When it comes to information that is used to make managerial decisions, it’s useful to think of it in terms of three timeframes: Lagging indicators (which are the bulk of those in use) reflect past events – you can’t change them. Current indicators tell you where you are. The most valuable, and often the least used are leading indicators – information that tells you where you’re likely to be going. Leading indicators are often subjective, however, meaning that people frequently disagree about their meaning and therefore don’t use them effectively.
I was therefore really intrigued to run across an article in Forbes (October 1, 2007 beginning page 52) that spells out the effective use of leading indicators by Christine Augustine, an analyst with Bear Stearns. She makes recommendations on retail stocks based on her observations. She’s got a checklist that she uses to figure out where a particular retail establishment is going. Among the items on her list:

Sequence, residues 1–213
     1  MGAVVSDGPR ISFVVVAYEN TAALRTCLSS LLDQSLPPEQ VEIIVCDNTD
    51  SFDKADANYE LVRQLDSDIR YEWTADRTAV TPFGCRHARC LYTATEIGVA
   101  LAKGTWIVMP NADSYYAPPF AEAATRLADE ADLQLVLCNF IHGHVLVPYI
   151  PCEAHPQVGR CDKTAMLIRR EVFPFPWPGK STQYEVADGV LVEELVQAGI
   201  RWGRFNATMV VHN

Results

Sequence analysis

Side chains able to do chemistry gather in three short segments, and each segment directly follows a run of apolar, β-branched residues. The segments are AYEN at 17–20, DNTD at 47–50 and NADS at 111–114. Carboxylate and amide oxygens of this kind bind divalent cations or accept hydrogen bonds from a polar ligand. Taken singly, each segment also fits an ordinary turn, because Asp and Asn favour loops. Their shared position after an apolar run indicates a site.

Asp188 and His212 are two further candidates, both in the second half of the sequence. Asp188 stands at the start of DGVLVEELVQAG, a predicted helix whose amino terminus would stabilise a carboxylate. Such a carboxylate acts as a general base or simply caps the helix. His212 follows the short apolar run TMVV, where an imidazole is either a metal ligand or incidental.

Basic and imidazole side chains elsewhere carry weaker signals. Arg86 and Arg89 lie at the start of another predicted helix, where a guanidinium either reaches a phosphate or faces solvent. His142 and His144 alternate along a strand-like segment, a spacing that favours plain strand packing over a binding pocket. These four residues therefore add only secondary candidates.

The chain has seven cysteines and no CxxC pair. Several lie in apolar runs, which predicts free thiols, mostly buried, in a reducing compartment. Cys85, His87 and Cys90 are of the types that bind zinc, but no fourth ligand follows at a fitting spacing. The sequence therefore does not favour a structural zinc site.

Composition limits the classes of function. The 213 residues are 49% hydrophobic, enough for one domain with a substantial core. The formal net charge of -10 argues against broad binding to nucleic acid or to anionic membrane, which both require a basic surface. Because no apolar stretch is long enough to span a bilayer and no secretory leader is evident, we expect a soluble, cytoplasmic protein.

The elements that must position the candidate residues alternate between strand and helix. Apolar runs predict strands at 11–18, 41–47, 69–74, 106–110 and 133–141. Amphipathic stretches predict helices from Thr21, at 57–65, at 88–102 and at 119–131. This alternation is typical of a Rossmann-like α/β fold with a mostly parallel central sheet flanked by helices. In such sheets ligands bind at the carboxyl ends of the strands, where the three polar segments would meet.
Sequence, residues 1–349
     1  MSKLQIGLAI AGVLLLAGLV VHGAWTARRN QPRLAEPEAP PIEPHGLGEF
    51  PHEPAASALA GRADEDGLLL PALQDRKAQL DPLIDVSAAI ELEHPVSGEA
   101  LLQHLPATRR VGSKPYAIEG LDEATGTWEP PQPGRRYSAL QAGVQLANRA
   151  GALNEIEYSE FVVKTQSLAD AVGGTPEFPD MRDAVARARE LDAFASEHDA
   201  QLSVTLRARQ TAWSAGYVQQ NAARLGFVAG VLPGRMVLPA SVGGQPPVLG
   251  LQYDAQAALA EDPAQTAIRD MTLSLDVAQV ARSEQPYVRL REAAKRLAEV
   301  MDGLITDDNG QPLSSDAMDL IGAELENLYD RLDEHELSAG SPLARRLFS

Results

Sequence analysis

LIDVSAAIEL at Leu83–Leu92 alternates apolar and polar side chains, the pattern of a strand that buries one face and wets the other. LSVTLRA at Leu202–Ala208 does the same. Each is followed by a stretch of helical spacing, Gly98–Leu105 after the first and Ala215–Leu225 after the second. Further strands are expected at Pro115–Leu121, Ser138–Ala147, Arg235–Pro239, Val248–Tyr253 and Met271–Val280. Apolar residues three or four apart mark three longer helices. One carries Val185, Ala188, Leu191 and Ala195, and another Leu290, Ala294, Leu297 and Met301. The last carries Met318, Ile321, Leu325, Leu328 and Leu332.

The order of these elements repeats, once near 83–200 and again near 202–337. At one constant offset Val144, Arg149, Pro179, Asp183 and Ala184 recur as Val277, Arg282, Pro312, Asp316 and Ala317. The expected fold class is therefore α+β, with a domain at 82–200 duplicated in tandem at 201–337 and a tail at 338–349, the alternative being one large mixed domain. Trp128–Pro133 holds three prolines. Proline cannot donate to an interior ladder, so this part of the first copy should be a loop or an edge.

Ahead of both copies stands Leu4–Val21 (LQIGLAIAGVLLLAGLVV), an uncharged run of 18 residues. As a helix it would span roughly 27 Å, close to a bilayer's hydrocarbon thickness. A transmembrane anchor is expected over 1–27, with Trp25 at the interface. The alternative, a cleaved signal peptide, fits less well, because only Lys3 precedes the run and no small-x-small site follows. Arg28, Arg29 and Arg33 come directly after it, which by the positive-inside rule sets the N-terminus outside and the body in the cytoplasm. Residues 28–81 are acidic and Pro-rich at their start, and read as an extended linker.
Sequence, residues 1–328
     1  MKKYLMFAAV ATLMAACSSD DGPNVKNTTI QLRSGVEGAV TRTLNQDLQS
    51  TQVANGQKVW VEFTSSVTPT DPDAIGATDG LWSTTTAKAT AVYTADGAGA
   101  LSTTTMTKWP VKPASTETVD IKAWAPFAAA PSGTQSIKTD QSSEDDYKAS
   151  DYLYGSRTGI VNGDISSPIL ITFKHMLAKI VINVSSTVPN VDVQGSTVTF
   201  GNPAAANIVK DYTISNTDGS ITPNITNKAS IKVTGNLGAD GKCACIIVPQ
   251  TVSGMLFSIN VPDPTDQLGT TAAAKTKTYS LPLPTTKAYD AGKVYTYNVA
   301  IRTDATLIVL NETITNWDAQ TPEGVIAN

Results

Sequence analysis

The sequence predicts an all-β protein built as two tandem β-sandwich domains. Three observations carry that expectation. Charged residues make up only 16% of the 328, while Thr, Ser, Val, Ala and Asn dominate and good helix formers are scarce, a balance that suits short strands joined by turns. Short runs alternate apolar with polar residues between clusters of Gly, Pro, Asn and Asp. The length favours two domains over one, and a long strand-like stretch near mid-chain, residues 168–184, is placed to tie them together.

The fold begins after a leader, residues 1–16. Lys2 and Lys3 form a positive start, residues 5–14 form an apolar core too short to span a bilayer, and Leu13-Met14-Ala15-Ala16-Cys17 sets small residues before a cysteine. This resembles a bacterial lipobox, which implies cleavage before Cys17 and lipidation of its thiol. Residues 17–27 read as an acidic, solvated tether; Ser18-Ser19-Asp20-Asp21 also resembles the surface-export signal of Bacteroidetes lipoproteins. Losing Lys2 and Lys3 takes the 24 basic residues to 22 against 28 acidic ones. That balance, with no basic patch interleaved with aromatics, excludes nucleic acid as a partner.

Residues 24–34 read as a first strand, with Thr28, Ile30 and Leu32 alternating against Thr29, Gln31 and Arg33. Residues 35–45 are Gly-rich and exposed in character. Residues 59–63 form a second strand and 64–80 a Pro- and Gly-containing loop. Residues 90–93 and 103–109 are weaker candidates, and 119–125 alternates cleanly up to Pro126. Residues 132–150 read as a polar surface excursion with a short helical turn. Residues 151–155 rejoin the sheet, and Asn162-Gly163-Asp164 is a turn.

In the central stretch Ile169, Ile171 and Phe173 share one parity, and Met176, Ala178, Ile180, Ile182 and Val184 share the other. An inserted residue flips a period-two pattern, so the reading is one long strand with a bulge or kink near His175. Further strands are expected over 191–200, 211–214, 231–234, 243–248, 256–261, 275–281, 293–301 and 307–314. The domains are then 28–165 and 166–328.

How full are the parking lots?
How clean are the stores?
How well stocked are the shelves?
How much of the apparel has been marked down or put on clearance?
Are there enough of the basics and are they easily accessible?
How many cash registers are open?
How many people are waiting on line?
How long is the average check out time?
A red flag for her is if the store seems short on staff and the end of the quarter is near. She noted, “It may mean the store is cutting back on payroll expenses to make sure it makes its numbers for the quarter.”
Specific, tangible measures such as these are a good first step to making sure that grand strategies conceived in headquarters translate to actual behavior at the operating level.